Online Course Criticism Blog

Thursday, November 17, 2005

Training A Department Chair to Recognize Quality in Online Learning

Recently I have been involved in several inter-institutional conversations in which the need for department chairpersons to be able to recognize quality in online courses has arisen. The focus of these types of conversations tends to be on rubrics or checklists. However, to counterbalance these approaches (which do have value in their own right), I thought I would point to some specific elements of the Online Course Criticism Model that might be somewhat helpful in accomplishing this goal. While my focus in this model wasn't on training per se, I was motivated to find a way to help people who are inexperienced with quality online learning to become more aware (among other goals).

Let me point out a couple of sections from Constructing Educational Criticism of Online Courses: A Model for Implementation by Practitioners relevant to this question:

- One paragraph (on pages 173-174 of the pdf or 156-157 of the printed document) briefly explains the value of Online Course Criticism in "educating" those without online course experience.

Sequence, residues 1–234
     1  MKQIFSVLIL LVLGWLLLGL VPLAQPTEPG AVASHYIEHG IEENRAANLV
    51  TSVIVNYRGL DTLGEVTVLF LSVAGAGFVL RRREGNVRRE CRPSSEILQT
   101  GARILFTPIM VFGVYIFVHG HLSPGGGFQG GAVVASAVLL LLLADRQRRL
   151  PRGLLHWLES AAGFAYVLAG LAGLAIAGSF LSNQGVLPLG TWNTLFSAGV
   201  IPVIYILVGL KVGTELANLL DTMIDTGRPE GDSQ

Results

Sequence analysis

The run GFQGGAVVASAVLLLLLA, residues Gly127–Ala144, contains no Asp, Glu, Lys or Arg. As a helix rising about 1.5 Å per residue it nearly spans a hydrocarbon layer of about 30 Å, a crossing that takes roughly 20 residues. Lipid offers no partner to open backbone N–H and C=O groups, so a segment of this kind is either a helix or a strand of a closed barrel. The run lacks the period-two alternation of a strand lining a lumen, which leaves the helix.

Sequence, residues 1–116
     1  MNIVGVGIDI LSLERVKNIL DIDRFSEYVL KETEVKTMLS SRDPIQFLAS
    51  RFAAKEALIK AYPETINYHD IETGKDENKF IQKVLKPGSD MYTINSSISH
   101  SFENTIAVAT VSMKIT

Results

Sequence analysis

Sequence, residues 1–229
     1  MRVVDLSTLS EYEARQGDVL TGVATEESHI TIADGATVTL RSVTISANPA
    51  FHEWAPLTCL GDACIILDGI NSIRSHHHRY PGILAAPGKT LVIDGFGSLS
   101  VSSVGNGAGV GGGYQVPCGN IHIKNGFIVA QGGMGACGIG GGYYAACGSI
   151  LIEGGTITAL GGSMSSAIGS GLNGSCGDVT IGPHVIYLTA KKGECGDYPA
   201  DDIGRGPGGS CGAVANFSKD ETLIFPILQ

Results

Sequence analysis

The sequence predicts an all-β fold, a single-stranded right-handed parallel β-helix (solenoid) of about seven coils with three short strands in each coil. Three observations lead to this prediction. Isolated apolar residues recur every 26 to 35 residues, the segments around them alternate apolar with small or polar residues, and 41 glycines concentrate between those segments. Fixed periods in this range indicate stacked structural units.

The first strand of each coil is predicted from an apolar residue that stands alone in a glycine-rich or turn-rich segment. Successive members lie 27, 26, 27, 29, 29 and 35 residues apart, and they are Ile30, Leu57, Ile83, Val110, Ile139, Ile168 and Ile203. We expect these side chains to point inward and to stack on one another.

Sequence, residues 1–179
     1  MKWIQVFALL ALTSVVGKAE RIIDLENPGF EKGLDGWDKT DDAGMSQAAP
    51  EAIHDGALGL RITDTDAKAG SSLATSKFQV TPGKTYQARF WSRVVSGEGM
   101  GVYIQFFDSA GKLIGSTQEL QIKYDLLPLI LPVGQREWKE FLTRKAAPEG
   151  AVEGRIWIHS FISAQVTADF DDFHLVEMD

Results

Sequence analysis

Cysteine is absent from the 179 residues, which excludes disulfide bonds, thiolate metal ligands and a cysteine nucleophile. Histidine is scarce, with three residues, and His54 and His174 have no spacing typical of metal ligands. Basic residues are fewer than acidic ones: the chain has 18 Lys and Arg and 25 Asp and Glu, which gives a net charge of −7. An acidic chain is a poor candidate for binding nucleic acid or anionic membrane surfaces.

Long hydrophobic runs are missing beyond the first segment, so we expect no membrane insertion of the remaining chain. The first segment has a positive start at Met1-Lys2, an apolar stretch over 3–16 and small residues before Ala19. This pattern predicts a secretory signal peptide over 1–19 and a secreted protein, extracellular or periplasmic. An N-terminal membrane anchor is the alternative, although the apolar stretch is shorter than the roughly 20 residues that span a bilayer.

- This idea is expounded upon in an earlier section (specifically pp 55-56 of the pdf or pp 38-39 of the printed document, but that whole chapter adds more depth).

- The importance of a robust, qualitative approach (as opposed to relying only on a "checkboxing" approach) is summarized in the paragraph starting at the bottom of p. 45-46 (pdf) or p. 28-29 (printed).

- The Online Course Criticism model is summarized in Chapter 6 (pdf page 114 or printed page 97), and an example criticism is provided in Chapter 7 (pdf page 136 or printed page 119). The "Portrayal" section (p. 137-149 or p 120-132) is probably *most* helpful as an illustration.


I'm curious to hear the thoughts of others on relevance/irrelevance of this kind of approach to "training" of chairpersons or others.

6 Comments:

  • Kelvin--One of the things that I like about your model is that it seeks to go beyond the "rubric" or "checklist" model that we use to measure quality courses which allows us to look beyond requirements and criteria.

    By Anonymous Elspeth, at 1:35 PM  

  • Thanks, Elspeth. That has been my goal! :-)
    That being said, I am beginning to connect the Online Course Criticism Model to a set of updatable "standards" since there is so much demand for such things. It is my hope that such a connection will facilitate the emergence of a set of empirically validated design guidelines. These, in turn, may play a role in the formation of a pattern language.

    By Blogger Kelvin, at 1:54 PM  

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